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ACLU-SC Calls for Impeachment of Bush and Cheney

ACLU of Southern California Calls for Impeachment of Bush and Cheney -- Will National Follow?

ACLU-SC Calls for Impeachment of Bush and Cheney

The ACLU of Southern California has called for the impeachment of President George W. Bush and Vice President Dick Cheney for High Crimes and Misdemeanors arising out of their abuse of power and numerous violations of the Constitution.

The Board of Directors of the ACLU-SC voted on November 14, 2007 without objection (and one abstention) to call on Congress to promptly convene impeachment hearings.

In March, 1971 and again in July, 1973 the ACLU-SC called for the impeachment of Richard M. Nixon. In September of 1973, the National Board of the ACLU joined the call for impeachment.

The ACLU-SC will shortly release a report detailing the grounds for impeachment of Bush and Cheney.

Here is a PDF one-page 3-fold flyer consisting of excerpts from the ACLU's 1973 pamphlet. This is a powerful tool. No changes are needed to make clear what the duty of every American and the ACLU is today. This was put together by Susan Serpa. Front. Back.

The ACLU placed a full page ad in the New York Times calling for President Nixon's impeachment. The ad "asked readers to write their representatives in Congress, make a contribution to the ACLU, and join if not already a member." The response was overwhelming and "[o]ver 25,000 new members joined in 1973 alone, driving the ACLU's membership to an all-time high of 275,000."
In Defense of American Liberties - A History of the ACLU, Samuel Walker, p. 294, Southern Illinois University Press (2nd ed. 1999.)

"When the Watergate scandal became a major issue in 1973, only a few dissenting voices remained to argue that seeking the impeachment of President Nixon was a political enterprise beyond the ACLU's proper sphere of concerns."
Inside the ACLU: Activism and Anti-Communism in the Late 1960s, Alan Rostron, p.427, New England Law Review (Vol. 33:2 Winter, 1999.)

After President Nixon "refused to hand over crucial tapes," the special prosecutor sued and "the question of the extent of presidential power reached the Supreme Court. The ACLU filed the only amicus brief in the case." The brief "argued that 'the fundamental issue raised in this case is whether the President, acting in his sole discretion, can disregard an obligation imposed on all other citizens to produce evidence demonstrably material to the trial of criminal charges of obstruction of justice in a federal court.'" On July 24, the Supreme Court ordered President Nixon to hand over the tapes and "held that 'an absolute, unqualified [executive] privilege would 'plainly conflict with the functions of the courts' in conducting criminal prosecutions."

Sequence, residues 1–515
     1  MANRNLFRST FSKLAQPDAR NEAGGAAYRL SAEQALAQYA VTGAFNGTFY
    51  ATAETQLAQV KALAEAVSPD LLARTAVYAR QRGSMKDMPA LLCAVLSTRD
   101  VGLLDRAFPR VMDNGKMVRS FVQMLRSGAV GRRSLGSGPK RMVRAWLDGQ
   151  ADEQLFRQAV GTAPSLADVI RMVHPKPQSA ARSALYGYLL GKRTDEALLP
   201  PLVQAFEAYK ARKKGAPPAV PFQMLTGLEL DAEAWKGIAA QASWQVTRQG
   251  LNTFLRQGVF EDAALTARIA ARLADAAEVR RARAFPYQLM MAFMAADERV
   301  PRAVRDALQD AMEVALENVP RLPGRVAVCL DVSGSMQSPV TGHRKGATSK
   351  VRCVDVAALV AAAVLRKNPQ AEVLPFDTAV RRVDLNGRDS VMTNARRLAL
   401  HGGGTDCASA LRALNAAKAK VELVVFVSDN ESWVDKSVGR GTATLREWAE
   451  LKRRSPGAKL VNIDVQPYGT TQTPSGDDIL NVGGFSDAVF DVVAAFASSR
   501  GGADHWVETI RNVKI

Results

ACLU pamphlet from 1973.


16. Your Representative must be made to understand that this is not merely another "come and go" political question. Only you can make your Representative understand the importance of the issue and the extent to which he or she will be held responsible in the 1974 elections for his or her actions.

17. It cannot be stressed strongly enough or often enough that Representatives who do not move to impeach, and who thereby fail to bring President Nixon to trial, are accomplices to a cover-up. They are either in favor of bringing 100% of the truth to the American people, or they are helping cover it up.

In December 2005, the ACLU took out a full page ad in the NY Times calling for a special counsel to investigate Bush and the NSA warrantless electronic surveillance. They compared Bush to Nixon. The ad is still on the ACLU website and it clearly threatens impeachment, but that was over 2 years ago! See ad.

In 2006 an ACLU panel urged impeachment.


Here's the nonsensical case the current ACLU president makes against impeachment.


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